As big of a problem worldwide as women and children being sold into sexual slavery is, Sunnyside Det. Sgt. Joe Guillen is surprised there aren't more rumors of forced prostitution in the Yakima Valley.
Sister Mary Rita Rhode isn't surprised since those running illegal sex rings exploiting women and children are sneaky about their efforts.
Nearly 200 years ago slavery was a common practice that people talked about, but since the Civil War that has changed and slavery has gone underground and has expanded into an industry that sexually exploits women and children.
Each year as many as 50,000 women and young girls are believed to be the victims of sexual exploitation and child slavery in the United States, according to a study by the U.S. State Department.
Overseas the problem is more rampant, with as many as 4 million women and children from impoverished families forced into slavery.
Rhode, the director of Nuestra Casa, a Sisters of the Holy Names of Jesus and Mary charity, has been working to educate the women she serves about the problem of women and children being sold as sex slaves.
Nuestra Casa mostly works with monolingual Spanish speaking women living in the Lower Valley, many of whom are migrant farm workers.
The sisters are working to educate people on the problem of human trafficking worldwide.
Rhode said she often talks with women at her facility about sex trafficking, hoping to be able to find any underground activities in the Lower Valley.
"We really try to be aware because we have a lot of immigrants who participate in Nuestra Casa," said Rhode. "We try to keep our ears open listening for suspicions of people being held against their wishes."
Immigrants are usually the victims of elaborate ruses used to enslave women and children.
"The Yakima Valley is a high traffic area in drugs and often that goes hand in hand with sex trafficking, which is often less known," said Rhode. "One of the things that's so hard is it's so secretive."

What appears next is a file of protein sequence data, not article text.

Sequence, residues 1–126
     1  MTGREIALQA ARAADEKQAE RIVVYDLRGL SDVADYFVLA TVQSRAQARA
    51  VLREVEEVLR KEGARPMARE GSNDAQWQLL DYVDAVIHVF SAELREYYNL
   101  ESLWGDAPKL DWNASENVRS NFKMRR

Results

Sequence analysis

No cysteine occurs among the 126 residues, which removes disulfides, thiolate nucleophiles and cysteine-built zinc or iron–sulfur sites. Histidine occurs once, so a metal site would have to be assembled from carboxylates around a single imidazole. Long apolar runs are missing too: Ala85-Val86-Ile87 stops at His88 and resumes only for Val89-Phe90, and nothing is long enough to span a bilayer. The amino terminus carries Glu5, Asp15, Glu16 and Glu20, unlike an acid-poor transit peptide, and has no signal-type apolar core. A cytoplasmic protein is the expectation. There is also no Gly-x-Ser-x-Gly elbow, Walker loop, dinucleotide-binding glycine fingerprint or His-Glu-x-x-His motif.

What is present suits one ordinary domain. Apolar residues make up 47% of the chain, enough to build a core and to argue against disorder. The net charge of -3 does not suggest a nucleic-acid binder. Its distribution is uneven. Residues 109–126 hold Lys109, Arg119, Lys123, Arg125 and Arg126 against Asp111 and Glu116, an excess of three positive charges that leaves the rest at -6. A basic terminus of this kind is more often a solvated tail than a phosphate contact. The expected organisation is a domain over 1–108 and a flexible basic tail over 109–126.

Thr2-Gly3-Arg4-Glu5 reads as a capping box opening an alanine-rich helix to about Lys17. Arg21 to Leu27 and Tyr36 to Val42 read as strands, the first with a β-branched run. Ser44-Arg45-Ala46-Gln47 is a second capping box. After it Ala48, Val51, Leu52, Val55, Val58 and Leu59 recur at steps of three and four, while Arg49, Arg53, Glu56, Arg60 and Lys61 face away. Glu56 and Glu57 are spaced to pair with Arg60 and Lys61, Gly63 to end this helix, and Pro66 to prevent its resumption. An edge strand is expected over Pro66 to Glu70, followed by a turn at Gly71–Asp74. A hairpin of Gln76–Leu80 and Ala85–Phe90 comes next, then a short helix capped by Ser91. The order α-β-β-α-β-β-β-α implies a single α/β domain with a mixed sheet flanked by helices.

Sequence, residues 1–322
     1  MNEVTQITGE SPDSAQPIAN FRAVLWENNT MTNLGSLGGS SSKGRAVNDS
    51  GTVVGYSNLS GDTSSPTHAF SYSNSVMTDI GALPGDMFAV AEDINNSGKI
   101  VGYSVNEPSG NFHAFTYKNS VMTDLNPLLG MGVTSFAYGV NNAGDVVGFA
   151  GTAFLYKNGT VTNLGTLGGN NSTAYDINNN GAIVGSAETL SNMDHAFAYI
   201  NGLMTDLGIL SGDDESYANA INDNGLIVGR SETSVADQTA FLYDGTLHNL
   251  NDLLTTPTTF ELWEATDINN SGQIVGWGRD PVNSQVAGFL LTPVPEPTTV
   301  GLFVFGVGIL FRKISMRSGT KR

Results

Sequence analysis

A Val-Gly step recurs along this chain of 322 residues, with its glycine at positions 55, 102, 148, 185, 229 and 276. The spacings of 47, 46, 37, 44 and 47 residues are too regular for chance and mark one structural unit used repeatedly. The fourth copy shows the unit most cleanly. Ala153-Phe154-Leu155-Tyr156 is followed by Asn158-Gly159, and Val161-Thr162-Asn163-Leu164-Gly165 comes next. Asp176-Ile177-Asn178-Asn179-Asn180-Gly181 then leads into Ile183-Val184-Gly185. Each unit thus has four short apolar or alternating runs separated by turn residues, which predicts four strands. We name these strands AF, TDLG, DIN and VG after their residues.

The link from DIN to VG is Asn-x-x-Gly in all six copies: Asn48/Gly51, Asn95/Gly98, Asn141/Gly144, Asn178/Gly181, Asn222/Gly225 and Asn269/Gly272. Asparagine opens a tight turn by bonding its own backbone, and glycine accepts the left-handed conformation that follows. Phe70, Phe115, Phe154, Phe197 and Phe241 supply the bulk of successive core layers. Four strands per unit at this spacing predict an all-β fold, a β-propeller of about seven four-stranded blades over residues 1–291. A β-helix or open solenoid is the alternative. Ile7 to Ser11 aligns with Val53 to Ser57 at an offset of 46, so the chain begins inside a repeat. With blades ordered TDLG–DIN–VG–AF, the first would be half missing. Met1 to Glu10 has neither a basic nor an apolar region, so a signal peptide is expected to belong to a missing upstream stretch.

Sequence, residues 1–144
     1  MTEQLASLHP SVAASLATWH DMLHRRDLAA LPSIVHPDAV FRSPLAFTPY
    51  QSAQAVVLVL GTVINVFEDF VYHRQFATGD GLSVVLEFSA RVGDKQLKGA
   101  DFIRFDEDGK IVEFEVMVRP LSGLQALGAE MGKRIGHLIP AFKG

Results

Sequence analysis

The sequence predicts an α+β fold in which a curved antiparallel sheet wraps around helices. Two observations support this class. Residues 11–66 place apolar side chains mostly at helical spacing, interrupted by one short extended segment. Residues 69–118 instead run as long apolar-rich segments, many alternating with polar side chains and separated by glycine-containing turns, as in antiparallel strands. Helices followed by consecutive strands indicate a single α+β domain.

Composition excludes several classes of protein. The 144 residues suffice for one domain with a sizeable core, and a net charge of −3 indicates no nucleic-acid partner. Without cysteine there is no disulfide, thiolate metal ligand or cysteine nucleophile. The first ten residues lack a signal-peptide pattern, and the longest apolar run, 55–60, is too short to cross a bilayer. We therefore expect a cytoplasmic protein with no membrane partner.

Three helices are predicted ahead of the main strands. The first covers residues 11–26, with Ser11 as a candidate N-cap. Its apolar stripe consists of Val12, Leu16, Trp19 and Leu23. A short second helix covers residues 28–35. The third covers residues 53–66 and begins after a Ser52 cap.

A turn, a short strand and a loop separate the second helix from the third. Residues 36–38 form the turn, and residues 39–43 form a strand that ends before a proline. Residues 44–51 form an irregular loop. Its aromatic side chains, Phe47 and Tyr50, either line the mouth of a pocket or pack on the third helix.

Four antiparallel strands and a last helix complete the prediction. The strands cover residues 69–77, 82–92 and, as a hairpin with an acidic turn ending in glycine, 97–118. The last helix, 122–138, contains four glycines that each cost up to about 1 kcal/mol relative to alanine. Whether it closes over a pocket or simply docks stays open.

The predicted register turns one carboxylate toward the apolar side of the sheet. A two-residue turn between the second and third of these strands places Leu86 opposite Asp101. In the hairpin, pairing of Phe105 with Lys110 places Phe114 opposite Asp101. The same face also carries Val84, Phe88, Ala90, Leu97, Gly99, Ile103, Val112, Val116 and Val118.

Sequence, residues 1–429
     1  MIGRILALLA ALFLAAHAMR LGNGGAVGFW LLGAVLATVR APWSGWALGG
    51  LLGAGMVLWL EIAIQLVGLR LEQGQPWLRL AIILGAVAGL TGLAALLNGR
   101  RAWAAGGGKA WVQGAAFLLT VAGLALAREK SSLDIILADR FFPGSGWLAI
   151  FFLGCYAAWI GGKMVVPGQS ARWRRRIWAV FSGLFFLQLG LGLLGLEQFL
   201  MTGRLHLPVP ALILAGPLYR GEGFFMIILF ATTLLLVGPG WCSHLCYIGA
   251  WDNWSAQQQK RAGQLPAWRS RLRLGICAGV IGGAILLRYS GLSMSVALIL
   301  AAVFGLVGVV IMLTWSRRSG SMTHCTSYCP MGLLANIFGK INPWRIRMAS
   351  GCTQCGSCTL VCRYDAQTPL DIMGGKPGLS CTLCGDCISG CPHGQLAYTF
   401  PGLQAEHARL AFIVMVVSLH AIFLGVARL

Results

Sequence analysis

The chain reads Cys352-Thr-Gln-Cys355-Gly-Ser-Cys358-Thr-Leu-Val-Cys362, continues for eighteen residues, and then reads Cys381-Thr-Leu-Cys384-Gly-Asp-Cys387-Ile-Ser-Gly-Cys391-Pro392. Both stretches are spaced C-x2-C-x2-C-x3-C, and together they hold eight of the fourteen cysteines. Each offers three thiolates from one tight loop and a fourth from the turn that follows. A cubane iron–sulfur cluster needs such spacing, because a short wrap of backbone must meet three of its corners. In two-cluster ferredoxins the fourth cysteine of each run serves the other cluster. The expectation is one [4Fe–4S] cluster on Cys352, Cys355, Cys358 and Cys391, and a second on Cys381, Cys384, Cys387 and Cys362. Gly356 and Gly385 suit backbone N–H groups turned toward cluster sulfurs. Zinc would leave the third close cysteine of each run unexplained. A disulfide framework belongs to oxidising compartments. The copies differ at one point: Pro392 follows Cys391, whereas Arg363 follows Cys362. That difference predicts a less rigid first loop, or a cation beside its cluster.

Rhode added that those trafficking in the sale of women and children for sex base their dealings on fear, so it is difficult to help those in need.
"They use fear, such as needing to fear anyone in a uniform, so these woman and children don't contact police," said Rhode.
Most of the women and children trafficked come from poor countries, such as Asia, India and Mexico. Rhode said that women who are victims of sex crimes in the Yakima Valley are often brought up from Mexico.
In some of the larger West Coast cities such as Seattle and San Francisco, the women and children are mostly from Asian countries, she said.
"A lot of it goes on in island countries," said Rhode, who said her religious order is trying to help women around the world. "People go away to one of these islands for basically a sex tour."
Women and children are lured into these situations under false pretenses, said Rhode.
"Traffickers will meet poor people and say, we'll give you $100 if you give us your 9-year-old daughter," said Rhode.
Often the families are led to believe that the children will be working as a maid or domestic worker, but instead will be forced to have sex with multiple partners.
In the United States, Rhode said sometimes it is disguised as a mail-order bride deal, where men order women from poor countries.
"They basically become slaves when they get here," she said.
Rhode said there is currently educational efforts going on in other countries, mainly those where women and children are targeted as slaves.
"We want these parents to know that they shouldn't send their kids away," said Rhode.
In the United States, the educational efforts are geared to inform people to be wary of traveling overseas.
"The tourism industry is a big user of these women and children being trafficked for sexual exploitation," said Rhode.
She added that locally, it's also important to be aware of someone who is holding another person against their will.